After several discussions, we decided that a hybrid strategic alliance and licensing model worked best. 50,000feet acquired all our clients, select staff members, the use of our portfolio, a presence in New York and our brand in a financial structure that suited all parties. We are now entering our fourth year together: our clients are pleased, and the arrangement is successful for all. Leslie and I both serve as senior advisors and brand ambassadors for new account acquisition. Our role as designers is to “not get in the way,” but we’re always available to help!
50,000feet recently opened a London office for new market opportunities. It’s a very “grown-up” agency with a deep service offering of strategy, content, design and technology with a fine-tuned business model. If Leslie and I hadn’t closed Carbone Smolan, the 50,000feet model would have been the kind of company to build.
Regarding my role as artist, I’m still waiting for the agency to buy one of my paintings!
What was it like to receive a Lifetime Achievement Award from AIGA in 2014? It was humbling, especially since we were part of the “centennial class” with design legends like Dana Arnett, Stephen Doyle and Bob Greenberg.
Given your exceptional career experience in design, where do you see the industry headed? Everything about design, branding and communications is now atomized; everyone wants a piece of the pie. Who isn’t in the design and branding field today? Think Duane Johnson, Megan Thee Stallion and Gwyneth Paltrow! Add in AI, and it feels like the Wild West. However, I think a lot of opportunities lay ahead for any designer or firm that fearlessly embraces the unknown.
Leslie and I had a career that spanned the analog and digital eras, so we have some perspective on change. Frankly, tools, technology and client needs always change, but fundamentally, a great idea brilliantly crafted is a timeless and winning formula.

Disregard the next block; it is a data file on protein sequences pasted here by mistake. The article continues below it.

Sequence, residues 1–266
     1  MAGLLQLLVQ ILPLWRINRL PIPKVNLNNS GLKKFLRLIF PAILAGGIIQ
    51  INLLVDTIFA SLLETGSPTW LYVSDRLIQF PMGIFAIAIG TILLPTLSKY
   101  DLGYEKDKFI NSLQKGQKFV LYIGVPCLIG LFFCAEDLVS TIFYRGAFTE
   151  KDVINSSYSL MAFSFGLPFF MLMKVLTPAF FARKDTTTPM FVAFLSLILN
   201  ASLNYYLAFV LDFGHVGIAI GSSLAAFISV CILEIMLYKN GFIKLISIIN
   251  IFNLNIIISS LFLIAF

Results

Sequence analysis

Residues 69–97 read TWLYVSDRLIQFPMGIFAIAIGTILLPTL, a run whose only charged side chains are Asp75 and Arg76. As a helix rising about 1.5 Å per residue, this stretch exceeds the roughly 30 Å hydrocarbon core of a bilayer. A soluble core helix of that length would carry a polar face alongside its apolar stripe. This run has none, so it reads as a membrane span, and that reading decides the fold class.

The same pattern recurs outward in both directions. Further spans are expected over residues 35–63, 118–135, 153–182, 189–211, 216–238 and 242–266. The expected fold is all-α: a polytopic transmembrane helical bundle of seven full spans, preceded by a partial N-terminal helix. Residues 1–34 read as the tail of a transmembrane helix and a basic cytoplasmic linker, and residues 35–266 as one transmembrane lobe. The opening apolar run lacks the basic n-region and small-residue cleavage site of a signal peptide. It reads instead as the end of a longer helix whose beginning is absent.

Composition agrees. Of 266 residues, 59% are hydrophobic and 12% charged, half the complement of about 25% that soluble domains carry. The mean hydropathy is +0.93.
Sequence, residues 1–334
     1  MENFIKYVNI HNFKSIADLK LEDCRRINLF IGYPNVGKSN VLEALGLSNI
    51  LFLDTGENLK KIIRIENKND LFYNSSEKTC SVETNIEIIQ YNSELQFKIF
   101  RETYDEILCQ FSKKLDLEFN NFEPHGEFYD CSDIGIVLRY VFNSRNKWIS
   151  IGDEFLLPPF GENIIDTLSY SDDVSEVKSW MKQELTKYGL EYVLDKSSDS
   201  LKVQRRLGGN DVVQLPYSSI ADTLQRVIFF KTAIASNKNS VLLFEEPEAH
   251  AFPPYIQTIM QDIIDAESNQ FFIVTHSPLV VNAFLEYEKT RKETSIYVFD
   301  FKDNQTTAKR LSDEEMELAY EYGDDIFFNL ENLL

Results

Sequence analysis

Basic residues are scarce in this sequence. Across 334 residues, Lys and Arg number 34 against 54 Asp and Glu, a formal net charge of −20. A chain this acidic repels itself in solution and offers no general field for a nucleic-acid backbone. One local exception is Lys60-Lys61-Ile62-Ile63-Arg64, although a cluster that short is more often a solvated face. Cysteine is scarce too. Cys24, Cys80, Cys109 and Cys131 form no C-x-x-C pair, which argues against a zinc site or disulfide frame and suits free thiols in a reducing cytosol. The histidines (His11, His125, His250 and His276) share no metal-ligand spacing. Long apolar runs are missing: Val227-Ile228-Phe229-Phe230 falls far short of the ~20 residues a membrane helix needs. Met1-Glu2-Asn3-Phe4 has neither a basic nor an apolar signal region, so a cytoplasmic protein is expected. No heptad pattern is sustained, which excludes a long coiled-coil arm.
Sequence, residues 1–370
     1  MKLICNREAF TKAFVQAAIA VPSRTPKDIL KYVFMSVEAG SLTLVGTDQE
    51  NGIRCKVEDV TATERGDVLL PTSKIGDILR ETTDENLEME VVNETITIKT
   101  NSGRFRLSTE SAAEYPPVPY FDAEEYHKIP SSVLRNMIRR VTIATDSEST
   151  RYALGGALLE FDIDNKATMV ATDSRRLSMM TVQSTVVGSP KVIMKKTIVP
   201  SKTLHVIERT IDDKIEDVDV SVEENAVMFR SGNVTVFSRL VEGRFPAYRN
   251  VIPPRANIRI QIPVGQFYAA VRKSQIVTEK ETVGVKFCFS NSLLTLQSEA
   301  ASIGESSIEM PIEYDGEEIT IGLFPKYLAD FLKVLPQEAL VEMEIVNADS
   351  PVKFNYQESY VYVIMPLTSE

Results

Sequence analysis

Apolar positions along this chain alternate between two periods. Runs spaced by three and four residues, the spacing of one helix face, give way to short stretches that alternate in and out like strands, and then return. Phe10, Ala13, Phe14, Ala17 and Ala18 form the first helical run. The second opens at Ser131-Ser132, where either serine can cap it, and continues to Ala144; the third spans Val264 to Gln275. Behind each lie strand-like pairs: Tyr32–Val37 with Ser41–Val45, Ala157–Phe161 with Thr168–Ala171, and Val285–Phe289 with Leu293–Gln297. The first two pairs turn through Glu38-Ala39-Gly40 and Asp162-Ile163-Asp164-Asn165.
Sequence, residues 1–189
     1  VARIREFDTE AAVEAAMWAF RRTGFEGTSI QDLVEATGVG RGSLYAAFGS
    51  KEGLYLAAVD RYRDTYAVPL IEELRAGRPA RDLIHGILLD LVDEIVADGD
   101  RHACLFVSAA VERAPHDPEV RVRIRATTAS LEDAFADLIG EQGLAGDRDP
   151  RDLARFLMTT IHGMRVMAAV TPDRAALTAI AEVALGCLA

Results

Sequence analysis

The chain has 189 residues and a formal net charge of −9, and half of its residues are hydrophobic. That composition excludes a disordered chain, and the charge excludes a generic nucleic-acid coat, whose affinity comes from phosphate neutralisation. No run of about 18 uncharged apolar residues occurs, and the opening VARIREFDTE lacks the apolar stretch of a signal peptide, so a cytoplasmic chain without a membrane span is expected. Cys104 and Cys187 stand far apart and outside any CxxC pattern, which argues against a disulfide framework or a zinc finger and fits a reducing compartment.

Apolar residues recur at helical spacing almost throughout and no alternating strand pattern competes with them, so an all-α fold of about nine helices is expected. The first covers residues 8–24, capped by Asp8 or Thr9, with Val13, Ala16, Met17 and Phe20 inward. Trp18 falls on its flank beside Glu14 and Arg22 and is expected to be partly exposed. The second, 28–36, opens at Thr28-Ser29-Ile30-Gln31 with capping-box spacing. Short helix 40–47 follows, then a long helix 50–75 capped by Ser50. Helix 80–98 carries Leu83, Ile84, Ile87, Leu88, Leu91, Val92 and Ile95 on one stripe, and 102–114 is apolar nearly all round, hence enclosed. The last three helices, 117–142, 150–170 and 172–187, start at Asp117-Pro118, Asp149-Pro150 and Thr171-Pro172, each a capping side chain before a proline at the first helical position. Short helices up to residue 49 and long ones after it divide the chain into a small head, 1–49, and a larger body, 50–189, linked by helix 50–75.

What trends in design are you most interested in, and why? The increasing emphasis on environmentally sustainable practices is becoming integral to the dialogue between designers and their clients. It should be part of every project brief and every brand strategy. There is no trend more essential.
What do you consider to be the greatest brand identity of all time? Today, I’d say Apple is the GOAT. This sounds like a cliché, but innovative design has been part of Apple’s DNA from its inception. Its impact on design awareness is seismic, and with the leading market value internationally, the Apple brand is living proof that good design is good business.
If you ask me tomorrow, I might say Nike because the logo looks great on a shoe and offers a lesson in Greek mythology!
Do you have any advice for creatives entering the industry today? Be intellectually curious. Know design history; it will keep you humble. Ensure design and type books comprise no more than a third of your library; the other should be on topics the rest of the world cares about. Beware of developing a signature style because styles go out of style. Learn to draw; it needs no electricity and lasts a lifetime. And get a good accountant. ca